Chris Hayes Replaces Ed Schultz; Perez Is Obama’s Labor Pick; House Nixes $10.10 Minimum Wage

Mike Elk

In These Times alum Chris Hayes, pictured speaking at the Common Good in July, will take over Ed Schultz's coveted 8 p.m. weeknight spot on MSNBC.

Many in orga­nized labor lament­ed the announce­ment last week that union cham­pi­on Ed Schultzwho in 2011 trans­plant­ed his show to Wis­con­sin to cov­er labor protestsis leav­ing his 8 p.m. week­night times­lot on MSNBC for a 5 p.m.-to‑7 p.m. times­lot on the week­ends. In one sig­nal of the labor and pro­gres­sive sup­port for Schultz, the Pro­gres­sive Change Cam­paign Com­mit­tee has launched a thank-you card campaign.

But pro­gres­sives also cheered the news that In These Times alum­nus Chris Hayes will be mov­ing into Schultz’s 8 p.m. week­night spot. We at In These Times would like to con­grat­u­late Chris, who has proven ded­i­cat­ed to rep­re­sent­ing the voic­es of work­ers, both in his career at ITT and beyond. (The only ques­tion we have is what Bhaskar Sunkara will call his MSNBC show when it’s inevitably offered.)

Today, Pres­i­dent Barack Oba­ma offi­cial­ly nom­i­nat­ed Assis­tant Attor­ney Gen­er­al for Civ­il Rights Thomas Perez for Sec­re­tary of Labor. The pick was wide­ly expect­ed, and many in orga­nized labor have already expressed excite­ment. From Moth­er Jones:

If he were to be picked, I think he would be an excel­lent labor sec­re­tary,” says Eliseo Med­i­na, trea­sur­er of the Ser­vice Employ­ees Inter­na­tion­al Union. This is a guy who has been deal­ing with issues that real­ly mat­ter to work­ing peo­ple in this country.”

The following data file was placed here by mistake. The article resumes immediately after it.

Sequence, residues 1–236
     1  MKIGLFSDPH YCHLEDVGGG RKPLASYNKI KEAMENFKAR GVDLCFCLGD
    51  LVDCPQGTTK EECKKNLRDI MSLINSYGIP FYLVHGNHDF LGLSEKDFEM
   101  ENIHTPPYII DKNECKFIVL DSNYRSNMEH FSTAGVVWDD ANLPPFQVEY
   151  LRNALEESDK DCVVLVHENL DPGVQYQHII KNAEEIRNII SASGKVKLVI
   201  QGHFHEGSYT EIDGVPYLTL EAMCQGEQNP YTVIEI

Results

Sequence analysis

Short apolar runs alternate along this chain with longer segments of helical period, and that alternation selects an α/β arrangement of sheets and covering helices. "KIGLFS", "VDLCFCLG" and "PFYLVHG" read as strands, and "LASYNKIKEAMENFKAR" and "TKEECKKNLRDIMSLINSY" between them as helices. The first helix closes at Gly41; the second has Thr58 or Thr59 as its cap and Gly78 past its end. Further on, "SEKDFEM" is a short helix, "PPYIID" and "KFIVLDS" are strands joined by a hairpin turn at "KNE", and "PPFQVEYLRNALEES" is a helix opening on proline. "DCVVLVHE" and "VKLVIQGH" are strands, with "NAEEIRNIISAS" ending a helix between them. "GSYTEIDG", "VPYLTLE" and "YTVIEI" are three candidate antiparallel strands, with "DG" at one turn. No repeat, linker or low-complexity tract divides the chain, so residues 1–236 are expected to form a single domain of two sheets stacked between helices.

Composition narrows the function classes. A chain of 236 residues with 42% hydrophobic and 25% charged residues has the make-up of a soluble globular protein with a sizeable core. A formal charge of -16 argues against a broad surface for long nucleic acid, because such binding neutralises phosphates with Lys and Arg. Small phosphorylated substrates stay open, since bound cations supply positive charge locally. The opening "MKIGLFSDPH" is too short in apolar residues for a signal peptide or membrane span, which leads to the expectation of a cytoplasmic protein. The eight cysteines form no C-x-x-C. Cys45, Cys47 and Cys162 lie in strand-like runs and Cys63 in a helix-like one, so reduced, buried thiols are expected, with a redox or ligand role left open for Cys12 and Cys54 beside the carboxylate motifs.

When Perez was nom­i­nat­ed to head the Depart­ment of Jus­tice’s civ­il rights divi­sion, some con­gres­sion­al Repub­li­cans sought to block his con­fir­ma­tion over since dis­cred­it­ed alle­ga­tions regard­ing a vot­er intim­i­da­tion case involv­ing the New Black Pan­ther Par­ty and Perez’s advo­ca­cy on behalf of undoc­u­ment­ed immi­grants. Dur­ing the Bush years, the divi­sion had been marred by par­ti­san pol­i­tics and declin­ing civ­il rights enforce­ment. But since Perez took the helm, the divi­sion has blocked par­ti­san vot­ing schemes, cracked down on police bru­tal­i­ty, pro­tect­ed gay and les­bian stu­dents from harass­ment, sued anti-immi­grant Ari­zona sher­iff Joe Arpaio for racial pro­fil­ing, stood up against Islam­o­pho­bia, and forced the two largest fair-hous­ing set­tle­ments in his­to­ry from banks that dis­crim­i­nat­ed against minor­i­ty homeowners.

But Perez is like­ly to have trou­ble win­ning over Sen­ate Repub­li­cans. The House GOP vot­ed unan­i­mous­ly on Fri­day against rais­ing the min­i­mum wage. From the web­site of the House Com­mit­tee on Edu­ca­tion and Work­force Democ­rats:

Today, House Repub­li­cans vot­ed unan­i­mous­ly against rais­ing the nation’s min­i­mum wage to $10.10 per hour by 2015. The vote came as part of a final amend­ment to a bill that would harm access to job train­ing and edu­ca­tion pro­grams for low-income Amer­i­cans. The min­i­mum wage amend­ment failed on a 184 to 233 vote, with all 227 Repub­li­can mem­bers vot­ing no’.